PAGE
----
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SSAI Computer Scientist Maura Tokey uses Machine Learning to Predict the Effects of Global Warming on Crop Yield

AI/Machine Learning

While precipitation and temperature are the two main characteristics of weather and climate, they also play an important role in the outcome of crop yield. To that end, SSAI computer scientist Maura Tokay set out to predict the crop yield for corn, wheat, and soybeans using meteorological data in conjunction with machine learning predictive models in order to determine the importance of each weather variable on crop yield outcome. 

Understanding how weather factors affect crop yield and how they can be used in conjunction with machine learning to predict food shortages is pivotal to proactively avoiding catastrophe in the future.

Overview


Weather and climate are primarily characterized by precipitation and temperature. Thus, by default, these two parameters also directly impact yearly crop yield. Consequently, if the importance of precipitation and temperature on weather parameters can be quantified, the results can be used to determine the impacts of climate change on food security. To that end, SSAI computer scientist Maura Tokay set out to predict crop yield for corn, wheat, and soybeans using meteorological data in conjunction with machine learning predictive models.

The dataset used to perform the analysis is part of the Farming System Project and covers a 20-year period—from 1996 – 2016. Weather information was used to predict yield, as was the ‘week duration parameter’, i.e., the minimum number of weeks for each crop, which was calculated by subtracting the planting date from the harvest date.

The model was constructed using a variety of supervised learning algorithms, which in this study included: Lasso, Decision Tree Regressor, Random Forest Regressor, and Neural Networks. Prior to applying the algorithms, a RobustScaler was employed to better handle the outliers. This required the algorithm to remove the median and scale the data using the 1st and 3rd quartile for each feature independently.

The model best suited for each crop was determined by combining the accuracy, which was measured with median absolute error, and the confidence level, which was measured using the coefficient of determination.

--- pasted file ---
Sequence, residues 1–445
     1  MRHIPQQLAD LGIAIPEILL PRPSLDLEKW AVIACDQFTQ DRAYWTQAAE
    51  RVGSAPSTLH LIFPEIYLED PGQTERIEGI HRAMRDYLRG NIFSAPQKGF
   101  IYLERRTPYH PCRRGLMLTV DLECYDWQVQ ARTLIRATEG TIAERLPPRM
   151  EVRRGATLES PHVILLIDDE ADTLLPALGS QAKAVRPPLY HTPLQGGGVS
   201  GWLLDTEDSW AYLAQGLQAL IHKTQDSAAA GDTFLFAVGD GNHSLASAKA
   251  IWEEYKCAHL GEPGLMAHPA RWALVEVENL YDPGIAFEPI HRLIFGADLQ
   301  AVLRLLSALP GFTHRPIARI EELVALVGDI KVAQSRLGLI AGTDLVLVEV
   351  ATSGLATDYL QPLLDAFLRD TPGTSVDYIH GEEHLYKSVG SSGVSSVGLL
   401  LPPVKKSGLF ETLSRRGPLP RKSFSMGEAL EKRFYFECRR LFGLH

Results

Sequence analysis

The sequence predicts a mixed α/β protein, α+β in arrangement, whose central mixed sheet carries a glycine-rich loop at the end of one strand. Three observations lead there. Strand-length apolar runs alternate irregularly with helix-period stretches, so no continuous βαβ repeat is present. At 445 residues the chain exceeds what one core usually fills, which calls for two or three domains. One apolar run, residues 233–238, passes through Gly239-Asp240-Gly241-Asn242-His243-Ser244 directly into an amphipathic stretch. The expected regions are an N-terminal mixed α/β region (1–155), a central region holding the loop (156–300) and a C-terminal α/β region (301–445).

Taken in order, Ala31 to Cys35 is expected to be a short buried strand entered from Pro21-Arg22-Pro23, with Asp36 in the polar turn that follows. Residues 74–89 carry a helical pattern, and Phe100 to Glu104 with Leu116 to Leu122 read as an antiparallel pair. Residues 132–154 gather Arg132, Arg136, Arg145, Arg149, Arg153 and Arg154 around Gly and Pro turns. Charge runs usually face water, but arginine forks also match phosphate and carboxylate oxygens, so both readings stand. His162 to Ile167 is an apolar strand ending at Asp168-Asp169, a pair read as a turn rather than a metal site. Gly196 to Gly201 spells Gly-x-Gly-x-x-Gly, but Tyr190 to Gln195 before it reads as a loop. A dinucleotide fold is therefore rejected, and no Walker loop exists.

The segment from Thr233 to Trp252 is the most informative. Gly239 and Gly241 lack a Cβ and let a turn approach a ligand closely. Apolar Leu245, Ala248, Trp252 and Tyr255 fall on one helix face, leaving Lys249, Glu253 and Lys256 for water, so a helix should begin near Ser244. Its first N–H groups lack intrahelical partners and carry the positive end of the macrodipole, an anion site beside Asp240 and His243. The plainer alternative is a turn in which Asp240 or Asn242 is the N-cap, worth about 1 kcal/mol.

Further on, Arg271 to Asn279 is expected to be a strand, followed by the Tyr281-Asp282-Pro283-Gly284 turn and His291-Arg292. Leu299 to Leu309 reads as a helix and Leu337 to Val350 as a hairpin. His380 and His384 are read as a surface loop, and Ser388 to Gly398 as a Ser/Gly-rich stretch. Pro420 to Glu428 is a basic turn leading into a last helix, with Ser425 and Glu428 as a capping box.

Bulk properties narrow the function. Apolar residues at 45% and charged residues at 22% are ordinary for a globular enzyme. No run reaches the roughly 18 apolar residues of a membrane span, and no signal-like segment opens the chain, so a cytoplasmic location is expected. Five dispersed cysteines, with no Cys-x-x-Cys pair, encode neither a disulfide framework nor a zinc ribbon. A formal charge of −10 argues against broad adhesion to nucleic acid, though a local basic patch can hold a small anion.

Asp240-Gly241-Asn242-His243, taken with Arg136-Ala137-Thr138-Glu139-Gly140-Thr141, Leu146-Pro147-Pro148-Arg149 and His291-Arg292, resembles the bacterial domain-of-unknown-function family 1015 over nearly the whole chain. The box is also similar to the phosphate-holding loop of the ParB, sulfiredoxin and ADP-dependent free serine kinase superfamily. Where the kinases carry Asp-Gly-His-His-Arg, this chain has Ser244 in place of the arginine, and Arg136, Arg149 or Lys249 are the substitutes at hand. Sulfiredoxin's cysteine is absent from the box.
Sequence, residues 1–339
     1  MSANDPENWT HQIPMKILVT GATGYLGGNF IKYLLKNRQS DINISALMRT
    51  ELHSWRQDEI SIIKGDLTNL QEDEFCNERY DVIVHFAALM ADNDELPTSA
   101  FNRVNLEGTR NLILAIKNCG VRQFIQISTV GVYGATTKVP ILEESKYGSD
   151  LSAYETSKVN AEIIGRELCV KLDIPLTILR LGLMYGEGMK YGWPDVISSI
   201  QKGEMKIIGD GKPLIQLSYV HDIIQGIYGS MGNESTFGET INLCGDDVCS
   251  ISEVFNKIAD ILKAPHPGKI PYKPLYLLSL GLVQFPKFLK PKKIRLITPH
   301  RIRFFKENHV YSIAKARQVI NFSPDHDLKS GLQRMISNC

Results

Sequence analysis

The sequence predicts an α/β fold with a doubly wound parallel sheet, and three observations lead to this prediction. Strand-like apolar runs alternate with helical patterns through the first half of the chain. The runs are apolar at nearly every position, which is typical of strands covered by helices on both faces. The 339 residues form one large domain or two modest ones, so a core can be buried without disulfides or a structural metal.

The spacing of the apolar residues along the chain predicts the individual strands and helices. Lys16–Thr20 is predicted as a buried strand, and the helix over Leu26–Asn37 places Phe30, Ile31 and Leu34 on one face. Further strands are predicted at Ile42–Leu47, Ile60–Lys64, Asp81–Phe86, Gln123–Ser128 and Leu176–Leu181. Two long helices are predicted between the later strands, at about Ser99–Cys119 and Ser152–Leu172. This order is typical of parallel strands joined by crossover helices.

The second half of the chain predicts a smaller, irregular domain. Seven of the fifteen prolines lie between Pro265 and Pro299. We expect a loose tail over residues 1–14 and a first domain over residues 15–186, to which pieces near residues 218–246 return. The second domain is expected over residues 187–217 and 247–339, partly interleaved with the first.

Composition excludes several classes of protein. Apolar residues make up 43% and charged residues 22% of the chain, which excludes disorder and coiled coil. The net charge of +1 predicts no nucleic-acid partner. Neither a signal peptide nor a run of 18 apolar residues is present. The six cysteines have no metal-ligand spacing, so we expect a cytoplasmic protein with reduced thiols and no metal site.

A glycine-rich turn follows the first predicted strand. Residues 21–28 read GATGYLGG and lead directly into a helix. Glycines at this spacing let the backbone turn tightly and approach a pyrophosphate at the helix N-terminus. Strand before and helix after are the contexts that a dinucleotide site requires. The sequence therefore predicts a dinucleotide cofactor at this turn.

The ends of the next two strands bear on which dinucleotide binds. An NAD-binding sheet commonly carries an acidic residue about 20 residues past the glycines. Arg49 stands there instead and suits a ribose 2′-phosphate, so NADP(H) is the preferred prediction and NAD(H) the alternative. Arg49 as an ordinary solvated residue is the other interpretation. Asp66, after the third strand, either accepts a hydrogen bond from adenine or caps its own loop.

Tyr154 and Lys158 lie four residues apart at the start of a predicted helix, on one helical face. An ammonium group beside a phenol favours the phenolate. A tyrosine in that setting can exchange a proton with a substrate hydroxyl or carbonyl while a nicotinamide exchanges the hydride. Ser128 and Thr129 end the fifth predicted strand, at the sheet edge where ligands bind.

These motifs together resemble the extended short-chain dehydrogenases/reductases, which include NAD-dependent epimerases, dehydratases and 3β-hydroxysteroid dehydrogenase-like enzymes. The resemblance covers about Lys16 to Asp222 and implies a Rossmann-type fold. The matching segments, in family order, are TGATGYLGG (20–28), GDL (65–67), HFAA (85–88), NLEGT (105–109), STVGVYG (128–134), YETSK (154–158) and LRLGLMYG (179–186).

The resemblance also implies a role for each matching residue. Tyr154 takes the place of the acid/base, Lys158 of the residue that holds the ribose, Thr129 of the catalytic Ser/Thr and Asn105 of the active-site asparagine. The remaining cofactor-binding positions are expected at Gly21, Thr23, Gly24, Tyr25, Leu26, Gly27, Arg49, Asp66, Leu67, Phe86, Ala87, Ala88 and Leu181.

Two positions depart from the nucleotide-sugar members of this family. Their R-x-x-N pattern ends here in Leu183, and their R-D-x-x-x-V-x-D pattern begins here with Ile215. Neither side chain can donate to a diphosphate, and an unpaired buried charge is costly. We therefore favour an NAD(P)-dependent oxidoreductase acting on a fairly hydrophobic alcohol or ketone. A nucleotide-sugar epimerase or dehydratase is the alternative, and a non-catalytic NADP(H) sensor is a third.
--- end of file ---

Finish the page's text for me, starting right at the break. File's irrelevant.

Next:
Results

Results showed that the best model for predicting corn was Decision Tree, using 13 weeks of weather data with a confidence level of 82.6 %, while that for predicting soybean was Random Forest Regressor, using 15 weeks of weather data with a confidence level of 83 %. Notably, the temperature and precipitation had more influence on soybean yield prediction than was observed in the other two crops. The best model for predicting wheat was Neural Networks, using 29 weeks of weather data with a confidence level of 74.5 %.

As SSAI computer scientist Maura Tokay points out, the overall performance of all the evaluated models was rated as “good” – i.e., 74 – 83 % – but could be improved if more data were available to train the models. Furthermore, the fact that none of the models investigated in this study were appropriate for all three crops demonstrates that numerous models should be tested when using machine algorithms. Finally, this study confirmed that temperature plays an important role in crop prediction; and that with respect to crop prediction, relative humidity is more important than precipitation. 

                                          These results are important as climate change undoubtedly will have a major on impact crop production and potentially disrupt the international food supply chain. Understanding how weather factors affect crop yield and how they can be used in conjunction with machine learning to predict food shortages is pivotal to proactively avoiding catastrophe in the future.